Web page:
To a large extent, the impressively broad Salafi clientele was constituted of social segments that had become economically and socially irrelevant to capitalist-oriented state. After the revolution when the virtual lines of social segregation had finally been broken, it was inevitable that any attempt to begin a democratic process would include this widely popular group, even if their followers did not particularly sympathize with democracy itself.
Are Salafis Really Salafist?
We ought to consider whether adherence to a supposedly superior and glorious past is in fact a feature of modern Egyptian Salafis. In other words, ought we to believe the Salafis of al-Nour party when they claim that they are really Salafists? In order to be Salafi, one should faithfully follow a convincingly similar version of what can be seen as the practice of the predecessors in question. It is, however, my contention that the modern Salafis’ approach to matters of Islamic law and ethic is radically removed from anything that can remotely be attributed to an established legal-ethical practice in the first four centuries of Islam, if not more. Not only are responses given by Salafi scholars to questions of Islamic ethics entirely unrelated to the epistemological system within which early Islamic law functioned, the recent figures they hold as authoritative, such as Ibn Baz and al-Albani, employ juristic methods that were unheard of in early Islam.
By and large, contemporary Egyptian Salafi scholars, and the scholars they heavily rely, upon employ a method of extensive citation of textual sources, predominantly sayings (ahadith) of the prophet, following which they immediately pronounce their answer to the question.
The modern Salafi manner of approaching Islamic law and ethics has been utterly unknown in early Islamic history. During the early expansion of Islam, as shown by recent studies, the proper course of conduct of the members of the new Muslim community was established, in light of the Qura'nic ethics, with a combination of references to actions of the prophet and his companions, and by well-reasoned opinion.
By the early twelfth century, the shari’a had emerged into an extremely complex intellectual edifice, which combined, among other things, sciences of authentication of prophetic traditions, interpretation of the Qur'an, and disciplines of juristic theories and methodologies, the most prominent of which being usul al-fiqh (lit. the roots of legal knowledge). At no point during those first centuries, in which shari’a was the supreme source of control of conduct in the Muslim world, had the opinion that solutions follow immediately and mechanistically from the text been given any significant weight.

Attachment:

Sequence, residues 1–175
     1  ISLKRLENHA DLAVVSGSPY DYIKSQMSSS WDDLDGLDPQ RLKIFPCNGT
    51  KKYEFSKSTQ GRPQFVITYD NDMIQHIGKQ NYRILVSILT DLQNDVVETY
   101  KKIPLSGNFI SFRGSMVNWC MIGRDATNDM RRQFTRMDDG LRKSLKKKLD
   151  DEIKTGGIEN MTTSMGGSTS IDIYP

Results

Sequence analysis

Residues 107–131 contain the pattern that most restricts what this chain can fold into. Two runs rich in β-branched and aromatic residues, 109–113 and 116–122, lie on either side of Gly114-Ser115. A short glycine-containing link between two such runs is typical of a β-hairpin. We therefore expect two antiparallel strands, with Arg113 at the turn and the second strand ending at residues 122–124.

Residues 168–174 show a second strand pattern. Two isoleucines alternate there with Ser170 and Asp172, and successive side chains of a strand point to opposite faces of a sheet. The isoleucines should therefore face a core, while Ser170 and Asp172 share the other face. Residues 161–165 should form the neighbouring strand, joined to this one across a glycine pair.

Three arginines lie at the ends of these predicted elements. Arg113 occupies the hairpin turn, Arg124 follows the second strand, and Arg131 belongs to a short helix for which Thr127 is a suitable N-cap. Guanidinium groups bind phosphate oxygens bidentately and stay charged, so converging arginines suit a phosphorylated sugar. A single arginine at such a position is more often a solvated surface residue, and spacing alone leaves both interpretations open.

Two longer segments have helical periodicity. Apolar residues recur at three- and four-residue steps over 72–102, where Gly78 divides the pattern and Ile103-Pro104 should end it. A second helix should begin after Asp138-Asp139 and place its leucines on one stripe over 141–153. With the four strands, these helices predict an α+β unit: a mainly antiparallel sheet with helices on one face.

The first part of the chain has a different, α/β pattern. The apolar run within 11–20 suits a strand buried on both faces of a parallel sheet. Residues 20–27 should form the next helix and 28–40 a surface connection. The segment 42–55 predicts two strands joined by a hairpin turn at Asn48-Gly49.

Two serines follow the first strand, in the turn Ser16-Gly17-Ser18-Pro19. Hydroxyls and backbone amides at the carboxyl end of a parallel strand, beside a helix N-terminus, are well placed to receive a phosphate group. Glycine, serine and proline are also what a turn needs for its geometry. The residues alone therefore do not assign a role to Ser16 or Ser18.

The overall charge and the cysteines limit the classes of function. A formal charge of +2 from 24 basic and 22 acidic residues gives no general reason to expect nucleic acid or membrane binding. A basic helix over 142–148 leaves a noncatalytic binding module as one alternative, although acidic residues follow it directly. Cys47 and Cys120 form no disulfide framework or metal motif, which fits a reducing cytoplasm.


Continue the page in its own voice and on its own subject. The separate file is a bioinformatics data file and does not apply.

Salafis and Modernity
We have shown that the claim by modern Salafis to establish some form of continuity with early Islamic legal and moral traditions is tenuous at best. How, then, can they enjoy such a wide popularity if their most basic claim is so deeply flawed?
Even though they fail to establish a genuine continuity with early Islamic thought, or, for that matter, fail to offer any intellectually valuable contribution to Islamic legal theory, Salafis do impose on the excessively fluid Egyptian political scene the most basic question in its crudest form: what about shari’a? For anyone who is willing to face the messiness of Egyptian politics in its face, it is flagrantly clear that the question of shari’a has to be resolved before Egypt can witness any kind of durable stability. A very significant segment of the Egyptian population is simply not ready to give up on twelve centuries of history and some central elements of its identity, for the sake of a secularist project promoted by a condescending elite that promises very little beyond some Enlightenment values and materialist gains.
Whereas the Muslim Brotherhood represent the most opportunistic form of political exploitation of such fact, the Salafis bring it forth in its more radical and blatant form. Merely pointing out to the abstractness of some of their positions will not help solve Egypt’s complex socio-economic issues.
The views expressed in this article are the author's own and do not necessarily reflect Fair Observer’s editorial policy.